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Shop Local

December 13, 2023 3 min read

Shop Local

As a small business, I am gifted with the ability to witness the stories behind some of Maine’s most talented and hardworking entrepreneurs.

 

While I attend various festivals and markets throughout my home state to promote LooHoo Wool Dryer Balls and our other products, I also enjoy walking the aisles to see what other eco-friendly items are out there and how they came to be.

 

Many have a larger, socially conscious purpose. I know what it’s like to have a lofty vision and high hopes. I also know the gratification I feel when others share this vision and they, too, desire a healthier, happier home.

 

During every show I am constantly reminded that there is a person with a dream behind each piece of jewelry, art piece, clothing and home accessory. Passion drives their brands and anyone who cares to connect with their story can’t help but back their small business.

 

So I do.

 

Visiting favorite local stores is more about the experience you have when you visit. Getting to know the people who work there and hearing about products they recommend and are excited about is always fun.  

 

Shopping local helps keep money within our towns and supports local families, friends and neighbors. Items made in the USA are created in our own backyard and strengthen our economy. What better way to invest in the future of our community?

 

Made in Maine

A Few of my Favorite Small Businesses

 

 

Addie Best Studio

Addie Best doesn’t just practice reusing and recycling, she preaches it. This artist is as passionate about running a sustainable business and educating others on how to do the same as she is about the folkloric prints, calendars and other items she sells.

addiebeststudio.com

 

 

Anne Riggs Designs

If you’re looking to stock your shelves with handmade, reusable everyday staples, this Portland-based small business is for you. Paper and plastic are replaced with sustainable (and colorful!) paper towels, cloth napkins, bowl covers, baby wipes and makeup pads.

www.etsy.com/shop/anneriggsdesigns/

 

 

The Cultivated Thread

Former organic produce farmer Hilary Crowell says she’s “interested in making products that can easily slide into people’s day-to-day lives.” Five years ago she started with a selection of soft and absorbent handwoven towels and has since incorporated colorful and sturdy table runners and throws into her wares.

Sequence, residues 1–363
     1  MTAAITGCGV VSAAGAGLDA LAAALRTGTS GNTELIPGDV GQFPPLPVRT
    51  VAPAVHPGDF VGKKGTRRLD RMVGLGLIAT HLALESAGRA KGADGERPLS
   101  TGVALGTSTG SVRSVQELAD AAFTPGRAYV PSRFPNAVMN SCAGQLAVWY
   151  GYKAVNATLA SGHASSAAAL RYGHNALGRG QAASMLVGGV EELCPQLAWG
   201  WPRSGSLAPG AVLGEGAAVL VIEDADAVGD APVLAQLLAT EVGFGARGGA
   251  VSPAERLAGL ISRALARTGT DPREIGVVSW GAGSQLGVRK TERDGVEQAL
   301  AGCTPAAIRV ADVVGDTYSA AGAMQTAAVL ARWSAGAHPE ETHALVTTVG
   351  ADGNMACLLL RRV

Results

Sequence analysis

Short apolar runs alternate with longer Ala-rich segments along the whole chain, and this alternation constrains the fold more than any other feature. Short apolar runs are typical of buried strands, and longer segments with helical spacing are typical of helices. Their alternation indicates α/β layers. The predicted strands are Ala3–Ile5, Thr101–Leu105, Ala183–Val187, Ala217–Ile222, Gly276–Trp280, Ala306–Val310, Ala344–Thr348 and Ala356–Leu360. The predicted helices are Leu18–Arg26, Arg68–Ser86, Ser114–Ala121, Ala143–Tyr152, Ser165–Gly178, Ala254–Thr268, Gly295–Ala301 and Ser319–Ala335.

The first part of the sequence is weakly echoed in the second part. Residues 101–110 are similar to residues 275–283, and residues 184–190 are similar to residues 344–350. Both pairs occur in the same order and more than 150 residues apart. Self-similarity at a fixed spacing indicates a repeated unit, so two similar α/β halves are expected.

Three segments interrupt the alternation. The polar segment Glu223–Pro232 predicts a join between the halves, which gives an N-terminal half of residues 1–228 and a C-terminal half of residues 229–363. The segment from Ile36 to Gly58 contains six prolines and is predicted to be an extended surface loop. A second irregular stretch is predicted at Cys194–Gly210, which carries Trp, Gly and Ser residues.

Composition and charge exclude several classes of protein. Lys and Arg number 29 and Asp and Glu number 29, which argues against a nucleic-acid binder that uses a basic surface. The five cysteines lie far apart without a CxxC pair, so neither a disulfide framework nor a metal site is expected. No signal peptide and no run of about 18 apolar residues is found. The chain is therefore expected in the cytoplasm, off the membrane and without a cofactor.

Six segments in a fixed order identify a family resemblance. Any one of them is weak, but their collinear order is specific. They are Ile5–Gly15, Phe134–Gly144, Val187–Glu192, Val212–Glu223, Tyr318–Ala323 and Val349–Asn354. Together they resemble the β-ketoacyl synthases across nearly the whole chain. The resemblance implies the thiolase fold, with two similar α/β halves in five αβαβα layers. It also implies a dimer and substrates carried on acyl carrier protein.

thecultivatedthread.com

 

 

Hearth & Harrow

Nature-themed organic cotton kitchen linens and comfy T-shirts and pullovers are available either online or in the Hearth & Harrow brick-and-mortar store in Camden, where you’ll also find a curated offering of like-minded goods.

hearthandharrow.com

 

 

The Linnea Comany

A couple of years ago, Kate Tallberg decided that dolls should look more like the girls playing with them. So she launched a line that you can customize with your choice of skin shade and hair length, color and style. Each purchase includes a donation to an organization in need that you designate.

thelinneacompany.com

 

 

Madder Root

I just love the earthy artwork hand printed on Madder Root textiles—from linen drawstring bags to comfy cotton T-shirts. This husband-and-wife team is a testament to living family first—their Maine studio located in their home allows enough flexibility so they can be present to watch their young children grow.

madderroot.com

 

 

Scout & Bean

Artisan Lauren Beveridge does it all in her coastal mountain home—dyes, sews and tags beautiful rope bowls that help us keep everything in its place. Bowls are available in cream and a variety of colors and sizes.

scoutandbean.com

 

 

SoulShine Soap Co.

Michelle Byram started out as a farmer but decided to channel her passion for healthy living into soap making and educating others about living green. Michelle has since added plastic-free and zero-waste skin care and household cleansers to her line.

soulshinesoapcompany.com